The National Health Service provides most health care to most people free of charge, but there are exceptions such as prescription charges. The NHS does not employ GPs but has a contract with them to provide NHS general medical services for their patients. Sometimes, however, GPs are asked to provide additional services, which fall outside their contract with the NHS, and in these circumstances, they are entitled to make a reasonable charge for providing them. It is up to the individual practice to decide how much to charge, although the BMA produces lists of suggested fees for the Doctors to use as a guideline.
When a doctor signs a certificate or completes a report, the doctor needs to check the patient’s entire medical record to ensure that they are providing accurate information. GPs will not be able to complete forms at short notice, so please ensure that you allow for this when making your request.
It is worth remembering that not all documents need a signature by a doctor. For example, you could ask another person in a position of trust, who may be willing to sign a passport application free of charge (Teacher, Accountant, etc). If you have several forms requiring completion, please present them all at the same time. You can also complete the form to the best of your ability in pencil, so the doctor just has to quickly verify your entries against the information held by the practice.
What is covered by the NHS and what is not?
Examples of non-NHS services for which GPs can charge their NHS patients are:
- Signing passport application forms
- Private medical insurance reports
- Holiday cancellation claim forms
- Referral for private care forms
- Letters requested by, or on behalf of, the patient
Examples of non-NHS services for which GPs can charge other institutions are:
- Medical reports for an insurance company
- Some reports for the DSS/Benefits Agency
- Examinations of company employees
Charges at Hanham Health
At Hanham Health we have a list of fees available at reception. A copy is also available here. If you want your GP to complete a report or form, which falls outside the GP’s contract with the NHS, the receptionists will collect any fees before any work is started. A receipt will be issued for any payments made.
Information for patients wishing to undertake private consultations or treatments
All referrals are made after consultation with the GP. In accordance with guidelines issued by The Department of Health, the following information is for those patients who elect to use Private Medical Services:-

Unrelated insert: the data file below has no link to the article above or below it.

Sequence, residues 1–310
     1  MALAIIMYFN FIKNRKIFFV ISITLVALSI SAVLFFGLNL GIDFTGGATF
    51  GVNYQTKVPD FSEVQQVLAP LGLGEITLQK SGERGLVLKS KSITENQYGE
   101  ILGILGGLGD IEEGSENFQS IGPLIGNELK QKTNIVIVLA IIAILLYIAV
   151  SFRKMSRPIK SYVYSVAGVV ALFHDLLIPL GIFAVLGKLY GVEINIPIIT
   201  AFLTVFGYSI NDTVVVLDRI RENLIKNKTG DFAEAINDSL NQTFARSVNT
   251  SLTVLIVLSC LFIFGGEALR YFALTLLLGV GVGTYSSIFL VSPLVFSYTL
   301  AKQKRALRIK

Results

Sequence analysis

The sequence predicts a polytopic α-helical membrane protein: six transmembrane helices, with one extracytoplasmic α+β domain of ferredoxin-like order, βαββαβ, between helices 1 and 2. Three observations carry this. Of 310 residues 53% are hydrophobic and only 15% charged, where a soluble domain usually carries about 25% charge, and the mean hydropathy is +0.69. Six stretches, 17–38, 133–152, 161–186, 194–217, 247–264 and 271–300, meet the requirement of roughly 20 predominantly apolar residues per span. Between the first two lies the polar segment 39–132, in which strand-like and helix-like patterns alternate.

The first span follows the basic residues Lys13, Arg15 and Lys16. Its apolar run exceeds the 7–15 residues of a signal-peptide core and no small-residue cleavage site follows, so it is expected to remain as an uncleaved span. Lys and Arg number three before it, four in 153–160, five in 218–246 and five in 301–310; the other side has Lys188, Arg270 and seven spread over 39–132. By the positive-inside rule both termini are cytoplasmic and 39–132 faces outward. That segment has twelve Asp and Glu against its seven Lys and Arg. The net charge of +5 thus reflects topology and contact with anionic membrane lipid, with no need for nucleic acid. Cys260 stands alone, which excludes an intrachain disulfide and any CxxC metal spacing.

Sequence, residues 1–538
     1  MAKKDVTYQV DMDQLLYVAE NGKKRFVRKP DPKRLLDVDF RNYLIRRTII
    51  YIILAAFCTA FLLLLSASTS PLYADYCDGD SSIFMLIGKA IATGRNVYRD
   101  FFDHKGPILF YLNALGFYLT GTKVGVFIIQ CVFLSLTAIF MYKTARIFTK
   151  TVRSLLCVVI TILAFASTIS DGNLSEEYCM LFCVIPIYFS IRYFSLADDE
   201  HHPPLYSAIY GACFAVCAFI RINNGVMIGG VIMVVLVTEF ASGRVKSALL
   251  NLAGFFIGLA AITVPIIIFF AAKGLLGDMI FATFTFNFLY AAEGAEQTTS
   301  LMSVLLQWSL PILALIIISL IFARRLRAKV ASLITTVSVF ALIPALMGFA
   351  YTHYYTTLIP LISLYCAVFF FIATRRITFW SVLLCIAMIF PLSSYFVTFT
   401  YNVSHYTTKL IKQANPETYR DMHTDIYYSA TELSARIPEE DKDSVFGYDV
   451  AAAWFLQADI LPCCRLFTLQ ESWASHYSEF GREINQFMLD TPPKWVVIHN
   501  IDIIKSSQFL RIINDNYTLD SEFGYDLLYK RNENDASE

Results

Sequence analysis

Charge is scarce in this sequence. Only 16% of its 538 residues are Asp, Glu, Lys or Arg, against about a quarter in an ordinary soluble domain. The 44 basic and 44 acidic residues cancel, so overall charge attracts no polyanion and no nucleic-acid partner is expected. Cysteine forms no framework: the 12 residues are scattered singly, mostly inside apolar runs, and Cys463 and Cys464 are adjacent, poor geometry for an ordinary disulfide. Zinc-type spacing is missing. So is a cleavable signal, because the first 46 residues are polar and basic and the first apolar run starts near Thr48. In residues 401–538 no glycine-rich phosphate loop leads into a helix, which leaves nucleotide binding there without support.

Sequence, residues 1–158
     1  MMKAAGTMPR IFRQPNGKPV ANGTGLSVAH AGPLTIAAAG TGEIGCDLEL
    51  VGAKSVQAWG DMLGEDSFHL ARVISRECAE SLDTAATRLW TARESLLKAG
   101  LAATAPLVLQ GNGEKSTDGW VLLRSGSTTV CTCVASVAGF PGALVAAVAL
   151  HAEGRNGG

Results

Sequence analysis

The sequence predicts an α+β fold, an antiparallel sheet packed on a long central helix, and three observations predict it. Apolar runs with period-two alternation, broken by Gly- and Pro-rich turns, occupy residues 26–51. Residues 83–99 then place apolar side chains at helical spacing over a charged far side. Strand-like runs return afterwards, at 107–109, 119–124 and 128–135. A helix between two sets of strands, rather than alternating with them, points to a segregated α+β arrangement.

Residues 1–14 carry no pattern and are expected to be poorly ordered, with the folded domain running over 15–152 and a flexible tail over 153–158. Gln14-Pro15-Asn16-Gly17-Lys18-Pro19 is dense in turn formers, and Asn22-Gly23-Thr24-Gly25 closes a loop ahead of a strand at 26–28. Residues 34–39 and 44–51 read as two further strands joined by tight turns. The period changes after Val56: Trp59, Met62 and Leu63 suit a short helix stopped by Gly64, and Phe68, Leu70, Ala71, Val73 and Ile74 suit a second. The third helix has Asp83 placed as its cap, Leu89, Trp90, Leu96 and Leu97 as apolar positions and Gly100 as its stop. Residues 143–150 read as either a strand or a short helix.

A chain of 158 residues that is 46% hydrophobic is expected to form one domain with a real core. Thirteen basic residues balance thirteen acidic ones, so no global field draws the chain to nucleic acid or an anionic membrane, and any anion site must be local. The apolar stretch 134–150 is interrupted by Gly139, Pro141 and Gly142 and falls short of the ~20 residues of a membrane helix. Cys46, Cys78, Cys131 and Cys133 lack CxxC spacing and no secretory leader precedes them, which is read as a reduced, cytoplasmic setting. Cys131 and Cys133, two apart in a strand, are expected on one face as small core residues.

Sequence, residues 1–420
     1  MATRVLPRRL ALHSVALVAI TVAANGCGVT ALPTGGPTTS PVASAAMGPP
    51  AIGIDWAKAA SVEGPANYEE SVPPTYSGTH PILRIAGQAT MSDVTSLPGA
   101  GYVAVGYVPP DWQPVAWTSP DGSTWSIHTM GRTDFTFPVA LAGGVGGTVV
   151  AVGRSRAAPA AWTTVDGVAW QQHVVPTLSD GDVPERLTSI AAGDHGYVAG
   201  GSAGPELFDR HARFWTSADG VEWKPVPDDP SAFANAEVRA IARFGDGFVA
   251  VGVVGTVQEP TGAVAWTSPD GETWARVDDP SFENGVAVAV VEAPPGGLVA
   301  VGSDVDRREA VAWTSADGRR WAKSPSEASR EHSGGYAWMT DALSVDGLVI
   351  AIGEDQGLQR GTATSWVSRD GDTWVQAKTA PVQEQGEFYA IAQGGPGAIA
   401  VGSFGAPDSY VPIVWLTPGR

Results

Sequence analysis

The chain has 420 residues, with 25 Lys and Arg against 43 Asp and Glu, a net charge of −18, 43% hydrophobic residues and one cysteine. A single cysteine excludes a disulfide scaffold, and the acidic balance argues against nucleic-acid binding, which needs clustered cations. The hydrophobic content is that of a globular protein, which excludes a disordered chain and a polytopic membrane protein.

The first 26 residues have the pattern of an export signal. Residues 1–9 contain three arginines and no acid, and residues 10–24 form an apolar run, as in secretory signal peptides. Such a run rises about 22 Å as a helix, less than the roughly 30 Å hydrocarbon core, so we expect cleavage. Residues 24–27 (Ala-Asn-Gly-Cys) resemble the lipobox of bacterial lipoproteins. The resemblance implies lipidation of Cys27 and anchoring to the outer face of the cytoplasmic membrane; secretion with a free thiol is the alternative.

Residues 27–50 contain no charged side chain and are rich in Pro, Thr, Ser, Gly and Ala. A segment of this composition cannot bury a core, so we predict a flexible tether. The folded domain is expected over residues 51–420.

- It is the responsibility of the patient to make their own appointment. Please inform the Medical Secretaries as soon as you know when and where your appointment will be, so that a letter can be prepared. Please note that unless the appointment is urgent, it is not always possible to produce a letter at very short notice.
- All Private referral letters are typed for collection from the front desk at Hanham or Oldland Surgery. Please make sure you arrange to pick up the letter to take with you to your appointment, as it contains important information for the specialist.
- Please note that if a consultant subsequently initiates treatment or provides a private prescription, it is not possible to transfer this to an NHS prescription. However, if medication is to continue and your GP takes over the monitoring of your condition, then an NHS prescription may be appropriate.
- Prior to any surgical procedure, your consultant is responsible for arranging MRSA screening and any treatment as appropriate.
- Following any private surgical procedure your consultant is responsible for arranging suture removal, dressings and any complications including infections. We are unable to arrange suture removal in the surgery for treatment you have received privately.
- Any blood tests requested by your Consultant will need to be organised by him/her and carried out on a private basis.
- Private Medical Insurance Companies usually require completion of a form to process a claim. Please note that GPs make a charge for this service in accordance with the British Medical Association Guidelines.
- Patients who are considering undergoing private cosmetic surgery abroad are advised to read the following information:
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